When you first play Ticket to Ride, it seems simple. All you have to do is connect railways to score points. Meanwhile, cutthroat super-competitors are blocking each others’ railway connections, packing their hands for surprise assaults on the map, and trying to hide their moves so their competition won’t catch on. There are scores of articles on Ticket to Ride strategy, which is incredible when you consider that the game has a complexity rating of 1.87 / 5 on Board Game Geek. Clearly, there is more to it than meets the eye on the first play.

As a game designer, this is one of the ultimate objectives of creating a board game. You want a game that works on multiple different levels and stays fresh for a long time. In order to get to that point, you need complexity to come from the interactions between elements of the game instead of the rules. Then you also need to play-test a ton just to make sure that different strategic options are viable. You always want there to be more than one path to victory.

4. Force players to make difficult decisions.

Naive new players don’t often feel the burn of Ticket to Ride decision making, but veterans sure do. Alan R. Moon, the creator of Ticket to Ride, put it this way: “the tension comes from being forced to balance greed – adding more cards to your hand, and fear – losing a critical route to a competitor.” There is no strategy that is always right. While you will be making strategic moves on a grand scale throughout the game, you will constantly have to switch up your tactics based on what the board looks like. If your competitors are moving slowly, you have more leniency to be greedy. If your competitors are moving quickly, you have to constantly sweat the risk of getting your rail connections poached.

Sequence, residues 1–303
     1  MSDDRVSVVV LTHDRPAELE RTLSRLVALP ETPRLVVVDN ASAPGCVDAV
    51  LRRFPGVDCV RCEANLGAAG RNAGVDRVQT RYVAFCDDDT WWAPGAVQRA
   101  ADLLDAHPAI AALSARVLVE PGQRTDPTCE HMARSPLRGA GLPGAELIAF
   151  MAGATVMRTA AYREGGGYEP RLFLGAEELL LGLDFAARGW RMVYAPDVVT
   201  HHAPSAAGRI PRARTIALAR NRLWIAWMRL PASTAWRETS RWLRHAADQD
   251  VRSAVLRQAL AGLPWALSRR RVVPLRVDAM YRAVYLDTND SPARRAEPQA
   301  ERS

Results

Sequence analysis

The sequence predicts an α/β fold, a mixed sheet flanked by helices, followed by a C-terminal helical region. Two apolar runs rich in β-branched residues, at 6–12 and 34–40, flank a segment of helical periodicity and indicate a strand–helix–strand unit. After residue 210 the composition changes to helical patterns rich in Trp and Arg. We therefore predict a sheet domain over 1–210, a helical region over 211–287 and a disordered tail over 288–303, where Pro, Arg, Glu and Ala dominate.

Furthermore, there is the question of where you want your victory points to come from. You can connect cities for points, establish routes for points, but also get points for making the longest route. You’ll need to mix and match, to be sure, but one of these will ultimately wind up being the linchpin in your strategy. You want to be able to pursue goals, but build yourself an out in case you have to switch quickly when you find your opponent is pursuing the same goal! It gets very heady, very quickly.

As a board game designer, you want people to feel like their choices matter. Ticket to Ride is excellent at doing this, mostly because the decisions are difficult ones with real consequences. Games need stakes to be satisfying. You need, at least sometimes, to make people feel like opening a door closes another.

Ticket to Ride has become successful and stayed relevant for many of the reasons I’ve listed above. It’s outlasted thousands of other games. By seeking insight from the game, we can become better designers capable of creating evergreen masterpieces 🙂

3 thoughts on “4 Lessons from Ticket to Ride for Aspiring Board Game Designers

  1. Hey Brandon, thanks for another great breakdown of a classic game! I’m curious as to how the Ticket to Ride creators were able to make the game enjoyable no matter the player count. Are there certain factors or elements that allow a game to be enjoyable no matter the player count within the suggested range?